Dick said: "MindGenius is so easy to use and so adaptable, that it has been widely adopted throughout the University for a myriad of purposes, of which these are only two examples."
Download Stakeholder Analysis Map

Domain Research using MindGenius

One of the tasks that I am frequently asked to do is to research a business sector activity (domain), for example Incident Management in the Aviation Sector. Not a small subject by any means. I have to provide our company with information on how the domain operates, its business/change drivers and the significant challenges and issues that it faces.

Domain information is used by our development, marketing and sales people to identify the overt benefits a software solution could provide the customer and how they could be enticed to purchase such a software application. So I need to be able to provide information in a form readily understandable and usable by a variety of people.

My starting point is usually from a position of no knowledge. I am effectively starting with a blank canvas. Somehow I have to end up as a ‘Domain expert’.

No use procrastinating. You need to get on and do it. I usually start by gathering information from a variety of sources: browsing the web, interviewing people (experts, potential customers, practitioners), competitor analysis. I follow one lead after another, sometimes down blind alleys, but often to hidden jewels of information.
It’s surprising how quickly you run into information overload. 100+ page standards/guidelines contain an immense amount of valuable information covering a range of activities/subject matter.

What do you do with all this information? How do you make sense of it? I use MindGenius to break the information sources down. It’s like eating an elephant, you do it in small chunks.

I create a map of the information source. Each chunk of usable information becomes a branch. The title of the branch describes the subject matter. The text associated with the information is added in the branch note. Any supporting image/video is attached to the branch. I build a map up of the information, the branch parent/child relationships reflect the relationships within the master document.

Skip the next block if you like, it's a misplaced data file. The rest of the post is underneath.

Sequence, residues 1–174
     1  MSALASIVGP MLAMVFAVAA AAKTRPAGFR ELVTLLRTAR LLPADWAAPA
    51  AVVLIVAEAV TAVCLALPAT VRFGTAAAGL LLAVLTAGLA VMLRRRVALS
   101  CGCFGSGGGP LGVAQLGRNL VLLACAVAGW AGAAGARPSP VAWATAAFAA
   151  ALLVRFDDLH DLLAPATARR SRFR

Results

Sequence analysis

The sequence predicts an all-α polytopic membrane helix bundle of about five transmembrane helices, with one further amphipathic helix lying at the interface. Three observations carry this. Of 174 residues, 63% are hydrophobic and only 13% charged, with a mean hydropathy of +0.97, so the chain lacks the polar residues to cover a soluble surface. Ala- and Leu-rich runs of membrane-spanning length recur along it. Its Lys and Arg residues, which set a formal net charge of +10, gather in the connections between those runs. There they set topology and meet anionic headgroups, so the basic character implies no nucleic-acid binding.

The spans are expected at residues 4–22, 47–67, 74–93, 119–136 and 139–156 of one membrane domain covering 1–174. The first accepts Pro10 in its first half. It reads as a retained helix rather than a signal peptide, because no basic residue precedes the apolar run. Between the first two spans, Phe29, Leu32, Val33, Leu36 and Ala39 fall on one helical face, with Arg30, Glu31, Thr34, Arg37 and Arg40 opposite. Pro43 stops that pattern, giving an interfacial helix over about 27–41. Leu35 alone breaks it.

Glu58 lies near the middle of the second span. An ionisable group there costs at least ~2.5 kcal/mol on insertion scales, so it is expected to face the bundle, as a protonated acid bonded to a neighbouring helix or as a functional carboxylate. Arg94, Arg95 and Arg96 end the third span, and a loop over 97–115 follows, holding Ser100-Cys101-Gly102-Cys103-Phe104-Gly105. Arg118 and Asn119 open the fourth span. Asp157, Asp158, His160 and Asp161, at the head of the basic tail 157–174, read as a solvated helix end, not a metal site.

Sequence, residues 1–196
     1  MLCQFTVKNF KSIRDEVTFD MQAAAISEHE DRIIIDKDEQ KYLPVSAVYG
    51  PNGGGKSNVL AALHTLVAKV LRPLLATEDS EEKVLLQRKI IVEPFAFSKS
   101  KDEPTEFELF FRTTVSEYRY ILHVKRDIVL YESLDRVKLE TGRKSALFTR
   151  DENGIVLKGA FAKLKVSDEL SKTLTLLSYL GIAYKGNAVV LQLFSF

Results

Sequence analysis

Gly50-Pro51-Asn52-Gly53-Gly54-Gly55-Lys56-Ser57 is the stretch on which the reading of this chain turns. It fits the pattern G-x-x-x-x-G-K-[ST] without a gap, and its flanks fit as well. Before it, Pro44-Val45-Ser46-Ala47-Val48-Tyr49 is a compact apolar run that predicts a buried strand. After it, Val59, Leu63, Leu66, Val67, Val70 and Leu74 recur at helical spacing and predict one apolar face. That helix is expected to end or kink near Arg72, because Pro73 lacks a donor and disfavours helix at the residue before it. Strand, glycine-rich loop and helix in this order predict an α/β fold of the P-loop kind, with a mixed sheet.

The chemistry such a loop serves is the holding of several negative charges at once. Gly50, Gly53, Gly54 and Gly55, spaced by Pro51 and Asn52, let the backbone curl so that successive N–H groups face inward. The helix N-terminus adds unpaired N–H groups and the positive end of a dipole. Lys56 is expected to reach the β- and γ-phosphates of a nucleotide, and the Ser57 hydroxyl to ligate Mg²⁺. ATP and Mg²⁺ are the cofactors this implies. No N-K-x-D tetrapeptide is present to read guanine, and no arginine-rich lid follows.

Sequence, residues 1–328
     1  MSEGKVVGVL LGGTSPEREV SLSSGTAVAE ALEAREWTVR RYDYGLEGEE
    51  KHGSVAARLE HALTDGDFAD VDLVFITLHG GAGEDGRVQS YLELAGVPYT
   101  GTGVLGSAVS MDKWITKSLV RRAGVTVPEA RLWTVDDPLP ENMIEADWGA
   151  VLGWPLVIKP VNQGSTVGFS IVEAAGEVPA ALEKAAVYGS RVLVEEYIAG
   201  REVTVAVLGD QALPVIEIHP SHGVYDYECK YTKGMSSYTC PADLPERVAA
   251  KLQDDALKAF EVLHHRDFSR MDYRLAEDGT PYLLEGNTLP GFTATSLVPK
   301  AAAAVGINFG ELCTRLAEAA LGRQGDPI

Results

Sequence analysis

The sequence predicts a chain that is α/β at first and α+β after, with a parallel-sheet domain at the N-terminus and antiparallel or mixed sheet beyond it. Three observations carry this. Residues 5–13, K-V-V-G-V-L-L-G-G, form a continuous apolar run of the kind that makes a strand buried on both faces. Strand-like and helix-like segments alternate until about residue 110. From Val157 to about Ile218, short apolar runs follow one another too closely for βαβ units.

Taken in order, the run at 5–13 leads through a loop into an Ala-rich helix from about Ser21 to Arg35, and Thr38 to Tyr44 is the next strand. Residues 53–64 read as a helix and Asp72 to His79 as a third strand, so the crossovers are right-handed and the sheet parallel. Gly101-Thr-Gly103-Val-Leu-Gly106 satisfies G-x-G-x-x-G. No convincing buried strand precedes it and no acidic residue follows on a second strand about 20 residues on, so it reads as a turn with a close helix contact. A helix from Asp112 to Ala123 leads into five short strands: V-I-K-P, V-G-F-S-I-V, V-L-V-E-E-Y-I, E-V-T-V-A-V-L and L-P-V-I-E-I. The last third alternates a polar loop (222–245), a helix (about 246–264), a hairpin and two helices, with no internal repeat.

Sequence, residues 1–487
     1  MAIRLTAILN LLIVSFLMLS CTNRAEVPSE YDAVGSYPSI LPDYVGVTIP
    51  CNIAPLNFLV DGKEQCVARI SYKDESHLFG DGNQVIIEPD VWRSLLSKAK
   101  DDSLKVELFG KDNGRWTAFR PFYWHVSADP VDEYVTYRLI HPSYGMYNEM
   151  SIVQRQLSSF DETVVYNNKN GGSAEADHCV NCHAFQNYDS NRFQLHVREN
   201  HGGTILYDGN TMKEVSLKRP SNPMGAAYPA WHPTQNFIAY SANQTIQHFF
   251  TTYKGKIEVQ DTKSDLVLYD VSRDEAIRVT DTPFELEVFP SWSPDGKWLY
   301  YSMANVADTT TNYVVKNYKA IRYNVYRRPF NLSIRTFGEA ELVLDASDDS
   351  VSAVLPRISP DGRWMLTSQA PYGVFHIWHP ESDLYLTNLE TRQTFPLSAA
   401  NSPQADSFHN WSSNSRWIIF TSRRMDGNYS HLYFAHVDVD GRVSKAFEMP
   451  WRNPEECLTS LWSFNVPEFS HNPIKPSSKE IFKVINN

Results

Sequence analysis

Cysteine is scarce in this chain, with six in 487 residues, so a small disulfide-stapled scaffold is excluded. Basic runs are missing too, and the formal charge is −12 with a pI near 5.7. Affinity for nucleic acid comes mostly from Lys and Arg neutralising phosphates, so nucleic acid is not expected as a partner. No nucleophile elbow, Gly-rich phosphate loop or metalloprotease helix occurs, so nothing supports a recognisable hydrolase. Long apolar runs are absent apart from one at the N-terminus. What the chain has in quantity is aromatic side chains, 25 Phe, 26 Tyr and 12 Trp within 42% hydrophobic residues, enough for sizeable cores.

What I have created so far are the jigsaw pieces. But unfortunately I don’t have the jigsaw picture. As I map other significant information sources, I start to begin to build up a possible information structure in my mind’s eye.

Now it’s time to start building the jigsaw. I usually start by forming the skeleton of the information (the bones) by laying down the process or lifecycle that I think is associated with the subject, in this case the lifecycle of an aviation safety incident.

I start to attach the information chunks (flesh) to the skeleton structure (bones). To ensure I don’t miss anything, I create a copy of the information source map and extract and attach the information chunks to the skeleton structure.

The map will build up in front of my very eyes. Once the copy map is essentially empty, my extraction activity for this piece of information is complete and I haven‘t missed anything.

Then I move on and transfer information chunks from other information sources to my master map in the same way. As more and more information is added, my knowledge and understanding of the subject increases. As new pieces of information provide new insights, I rearrange and edit the map’s structure so that it continues to be a good fit for the information content. With MindGenius you simply drag and drop to rearrange the structure.

Although there may be a mass of detail, you always have be aware of the big picture. MindGenius’s Explorer pane gives me an up-to-date visual view of the hierarchical structure of the map and allows me to quickly dip in and out of sections of the map for viewing, or editing. A big plus.